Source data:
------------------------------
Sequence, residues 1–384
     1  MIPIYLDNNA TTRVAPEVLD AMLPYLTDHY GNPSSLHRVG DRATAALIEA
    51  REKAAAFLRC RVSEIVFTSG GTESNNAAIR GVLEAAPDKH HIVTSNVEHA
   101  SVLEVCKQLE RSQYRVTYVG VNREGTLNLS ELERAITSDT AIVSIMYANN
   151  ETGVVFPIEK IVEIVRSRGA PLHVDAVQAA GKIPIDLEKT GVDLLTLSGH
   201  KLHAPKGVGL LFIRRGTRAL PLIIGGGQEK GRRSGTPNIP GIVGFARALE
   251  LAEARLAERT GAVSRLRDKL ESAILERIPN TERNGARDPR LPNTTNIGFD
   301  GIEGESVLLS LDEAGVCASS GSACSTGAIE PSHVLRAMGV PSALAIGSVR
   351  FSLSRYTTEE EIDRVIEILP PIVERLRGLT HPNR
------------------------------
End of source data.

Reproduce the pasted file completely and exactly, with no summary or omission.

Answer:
Sequence, residues 1–384
     1  MIPIYLDNNA TTRVAPEVLD AMLPYLTDHY GNPSSLHRVG DRATAALIEA
    51  REKAAAFLRC RVSEIVFTSG GTESNNAAIR GVLEAAPDKH HIVTSNVEHA
   101  SVLEVCKQLE RSQYRVTYVG VNREGTLNLS ELERAITSDT AIVSIMYANN
   151  ETGVVFPIEK IVEIVRSRGA PLHVDAVQAA GKIPIDLEKT GVDLLTLSGH
   201  KLHAPKGVGL LFIRRGTRAL PLIIGGGQEK GRRSGTPNIP GIVGFARALE
   251  LAEARLAERT GAVSRLRDKL ESAILERIPN TERNGARDPR LPNTTNIGFD
   301  GIEGESVLLS LDEAGVCASS GSACSTGAIE PSHVLRAMGV PSALAIGSVR
   351  FSLSRYTTEE EIDRVIEILP PIVERLRGLT HPNR